Synthesis of Mo.sub.3 S.sub.7 (dtc).sub.4 was carried out by the procedure of Example 1 but incorporating an air/O.sub.2 purge. Thus, air was purged through the solution when it was refluxed vigorously for eight hours. The product was approximately 25 g of Mo.sub.3 S.sub.7 (dtc).sub.4.TESTS
Three molybdenum-containing oils were tested for friction retention properties by comparing the High Frequency Reciprocating Rig (HFRR) performance of the oils when fresh with that of the oils when aged. The oils were aged by treatment with 1% NO.sub.2 in air at 60 ml/min at 150.degree. C. for 24 hours. The friction properties were then recorded at 140.degree. C. and compared with the results from the fresh oils. Three oils were compared by this method, each containing corresponding amounts (500 ppm) of molybdenum from three different molybdenum sources. The molybdenum components were MV822, a commercial dinuclear component; Mo.sub.3 S.sub.7 dtc.sub.4 made by using three molar equivalents of thiuram disulfide (TDS) as described in International Patent Application No PCT/IB97101656 (METHOD A); and Mo.sub.3 S.sub.7 dtc.sub.4 made by the method of the present invention using two molar equivalents of TDS (METHOD 1). The results of these tests are shown in Table 1 below. Both of the trinuclear molybdenum compound-containing oils showed better friction retention properties than the oil containing the dinuclear molybdenum compound. Also, oils containing trinuclear molybdenum compounds made by different methods give comparable performances in the tests.
TABLE 1 ______________________________________ Molybdenum compound METHOD A METHOD 1 (@ 500 ppm) MV822 Mo.sub.3 S.sub.7 dtc.sub.4 Mo.sub.3 S.sub.7 dtc.sub.4 ______________________________________ coefficient of friction for fresh oil 0.096 0.086 0.095 coefficient of friction for used oil 0.158 0.079 0.084 ______________________________________
1. A method of making an oil-soluble or oil-dispersible trinuclear molybdenum-sulfur compound comprising a trinuclear molybdenum core bonded to ligands capable of rendering the compound oil-soluble or oil-dispersible, one or more of the ligands containing a S atom, via which it is bonded to the core,--which method comprises reacting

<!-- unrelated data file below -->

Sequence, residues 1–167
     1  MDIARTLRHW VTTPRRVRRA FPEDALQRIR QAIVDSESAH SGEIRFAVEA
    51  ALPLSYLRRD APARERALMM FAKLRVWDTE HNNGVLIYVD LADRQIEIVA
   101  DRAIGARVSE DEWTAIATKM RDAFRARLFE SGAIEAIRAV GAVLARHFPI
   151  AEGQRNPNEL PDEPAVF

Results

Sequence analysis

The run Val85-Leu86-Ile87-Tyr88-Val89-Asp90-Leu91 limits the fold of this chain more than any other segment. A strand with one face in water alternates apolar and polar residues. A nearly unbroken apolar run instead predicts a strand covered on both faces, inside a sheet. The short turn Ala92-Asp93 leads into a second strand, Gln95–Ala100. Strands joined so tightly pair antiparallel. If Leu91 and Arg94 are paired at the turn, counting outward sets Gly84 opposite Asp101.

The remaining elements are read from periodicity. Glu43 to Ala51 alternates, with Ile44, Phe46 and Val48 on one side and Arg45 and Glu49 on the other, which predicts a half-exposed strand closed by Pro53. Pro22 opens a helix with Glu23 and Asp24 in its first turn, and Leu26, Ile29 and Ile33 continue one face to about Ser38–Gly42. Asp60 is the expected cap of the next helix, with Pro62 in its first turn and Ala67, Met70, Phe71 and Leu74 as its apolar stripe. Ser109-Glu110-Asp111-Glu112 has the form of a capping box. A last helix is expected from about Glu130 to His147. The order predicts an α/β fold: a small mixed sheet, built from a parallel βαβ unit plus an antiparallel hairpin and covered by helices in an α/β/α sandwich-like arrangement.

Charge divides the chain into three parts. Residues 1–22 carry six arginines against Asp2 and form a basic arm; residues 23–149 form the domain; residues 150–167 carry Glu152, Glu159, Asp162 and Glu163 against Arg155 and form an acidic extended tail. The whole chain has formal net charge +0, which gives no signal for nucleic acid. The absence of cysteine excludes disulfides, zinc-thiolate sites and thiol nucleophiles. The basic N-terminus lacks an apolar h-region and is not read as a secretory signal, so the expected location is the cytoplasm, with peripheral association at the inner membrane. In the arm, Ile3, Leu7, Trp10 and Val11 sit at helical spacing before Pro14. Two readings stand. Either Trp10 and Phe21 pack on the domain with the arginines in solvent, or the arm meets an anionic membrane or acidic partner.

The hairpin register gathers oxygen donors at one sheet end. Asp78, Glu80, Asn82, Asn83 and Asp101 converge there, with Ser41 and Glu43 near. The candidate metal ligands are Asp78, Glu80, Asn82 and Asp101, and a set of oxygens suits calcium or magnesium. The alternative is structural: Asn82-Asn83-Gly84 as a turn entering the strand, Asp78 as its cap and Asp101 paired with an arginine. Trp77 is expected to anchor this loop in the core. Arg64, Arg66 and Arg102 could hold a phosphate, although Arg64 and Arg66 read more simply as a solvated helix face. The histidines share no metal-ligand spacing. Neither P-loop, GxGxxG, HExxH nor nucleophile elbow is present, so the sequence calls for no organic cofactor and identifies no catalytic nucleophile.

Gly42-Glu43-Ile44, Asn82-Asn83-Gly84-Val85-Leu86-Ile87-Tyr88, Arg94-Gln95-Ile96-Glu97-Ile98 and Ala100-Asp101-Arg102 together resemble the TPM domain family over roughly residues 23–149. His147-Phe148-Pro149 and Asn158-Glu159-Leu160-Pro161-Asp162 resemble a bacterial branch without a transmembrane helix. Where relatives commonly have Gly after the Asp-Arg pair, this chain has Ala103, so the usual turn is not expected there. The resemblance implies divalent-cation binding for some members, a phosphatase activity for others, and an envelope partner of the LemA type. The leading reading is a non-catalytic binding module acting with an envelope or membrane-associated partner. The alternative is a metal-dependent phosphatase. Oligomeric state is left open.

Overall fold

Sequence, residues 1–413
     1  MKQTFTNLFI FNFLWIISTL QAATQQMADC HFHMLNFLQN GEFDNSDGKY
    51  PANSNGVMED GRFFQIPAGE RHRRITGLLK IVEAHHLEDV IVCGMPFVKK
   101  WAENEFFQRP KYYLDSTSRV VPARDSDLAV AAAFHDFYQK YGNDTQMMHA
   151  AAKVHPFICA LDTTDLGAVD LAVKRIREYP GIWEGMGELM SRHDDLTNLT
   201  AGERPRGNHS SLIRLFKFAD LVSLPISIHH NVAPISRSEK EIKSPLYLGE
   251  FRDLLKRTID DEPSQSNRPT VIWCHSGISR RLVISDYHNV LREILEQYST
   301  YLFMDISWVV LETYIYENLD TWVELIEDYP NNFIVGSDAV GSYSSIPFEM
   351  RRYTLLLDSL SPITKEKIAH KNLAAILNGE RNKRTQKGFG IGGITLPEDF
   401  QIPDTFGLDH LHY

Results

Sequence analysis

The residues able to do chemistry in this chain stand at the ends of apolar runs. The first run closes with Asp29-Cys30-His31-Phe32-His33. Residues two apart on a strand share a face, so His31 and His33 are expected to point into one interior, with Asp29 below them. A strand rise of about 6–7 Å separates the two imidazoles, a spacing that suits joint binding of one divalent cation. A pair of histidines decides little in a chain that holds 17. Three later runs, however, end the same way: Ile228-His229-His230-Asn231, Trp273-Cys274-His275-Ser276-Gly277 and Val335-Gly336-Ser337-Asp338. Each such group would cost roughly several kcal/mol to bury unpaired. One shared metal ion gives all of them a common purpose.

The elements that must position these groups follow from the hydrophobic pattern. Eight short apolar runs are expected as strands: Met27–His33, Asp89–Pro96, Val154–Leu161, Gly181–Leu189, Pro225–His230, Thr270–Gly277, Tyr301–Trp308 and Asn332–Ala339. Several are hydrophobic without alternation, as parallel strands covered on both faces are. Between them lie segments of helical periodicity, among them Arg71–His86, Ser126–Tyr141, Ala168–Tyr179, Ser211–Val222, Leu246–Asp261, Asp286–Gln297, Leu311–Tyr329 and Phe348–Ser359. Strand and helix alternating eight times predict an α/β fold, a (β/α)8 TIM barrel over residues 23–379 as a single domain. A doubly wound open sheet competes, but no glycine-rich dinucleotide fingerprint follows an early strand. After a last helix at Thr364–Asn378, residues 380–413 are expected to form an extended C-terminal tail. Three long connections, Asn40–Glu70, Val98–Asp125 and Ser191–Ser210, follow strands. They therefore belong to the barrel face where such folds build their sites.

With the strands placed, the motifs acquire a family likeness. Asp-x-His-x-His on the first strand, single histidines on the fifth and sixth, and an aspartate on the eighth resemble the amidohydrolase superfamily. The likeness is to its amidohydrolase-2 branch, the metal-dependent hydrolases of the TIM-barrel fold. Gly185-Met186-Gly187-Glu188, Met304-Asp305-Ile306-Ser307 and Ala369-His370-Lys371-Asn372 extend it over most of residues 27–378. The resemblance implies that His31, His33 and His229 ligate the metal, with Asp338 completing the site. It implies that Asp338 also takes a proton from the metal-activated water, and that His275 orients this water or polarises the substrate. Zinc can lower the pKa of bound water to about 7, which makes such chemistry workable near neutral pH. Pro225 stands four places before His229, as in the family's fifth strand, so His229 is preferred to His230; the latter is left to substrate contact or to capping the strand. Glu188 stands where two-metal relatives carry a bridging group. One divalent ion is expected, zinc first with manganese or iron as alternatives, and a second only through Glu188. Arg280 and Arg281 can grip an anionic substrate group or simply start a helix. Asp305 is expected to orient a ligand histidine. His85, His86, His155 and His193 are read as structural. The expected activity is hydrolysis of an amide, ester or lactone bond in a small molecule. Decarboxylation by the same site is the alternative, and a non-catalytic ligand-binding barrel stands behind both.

- (A) one molar equivalent of a reactant compound containing an anion that contains a trinuclear molybdenum core and
- (B) less than 3 molar equivalents of a organic disulfide from which said one or more ligands is or are derived,
2. The method as claimed in claim 1 wherein the reactant compound contains the [Mo.sub.3 S.sub.13 ].sup.2- ion.
3. The method as claimed in claim 1 wherein two molar equivalents of the disulfide are reacted.
4. The method as claimed in claim 1 wherein the trinuclear molybdenum compound has the formula Mo.sub.3 S.sub.x L.sub.y
- x is a numeral of from 4 to 10,
- L represents the ligands, and
- y is a number to neutralise the charge on the Mo.sub.3 S.sub.x core.
5. The method as claimed in claim 1 wherein the disulfide is a tetrahydrocarbyl thiuram disulfide; a bis (dihydrocarbyl dithio-phosphonate) disulfide; a bis (dithiohydrocarbyl dithio-phosphonate)disulfide; a hydrocarbyl-substituted xanthogen; or a hydrocarbyl-substituted thioxanthogen.
6. The method as claimed in claim 5 wherein the hydrocarbyl groups are alkyl groups.
7. The method as claimed in claim 6 wherein the alkyl groups have from 3 to 20 carbon atoms.
8. The method as claimed in claim 1 wherein each ligand contains an S atom, the trinuclear molybdenum core of the reactant containing an anion is a thio- or polythio-trinuclear molybdenum core, and the molar equivalent of organic disulfide is from about 2 to 2.1.
Filed: Dec 11, 1998
Date of Patent: Aug 29, 2000
Assignee: Exxon Chemical Patents Inc (Linden, NJ)
Inventors: Jonathan M. McConnachie (Flemington, NJ), Edward Ira Stiefel (Bridgewater, NJ), Ian Alexander Weston Bell (Southmoor), Velautha-Cumaran Arunasalam (Chertsey)
Primary Examiner: Jerry D. Johnson
Application Number: 9/209,949
International Classification: C10M13900; C07F 1100;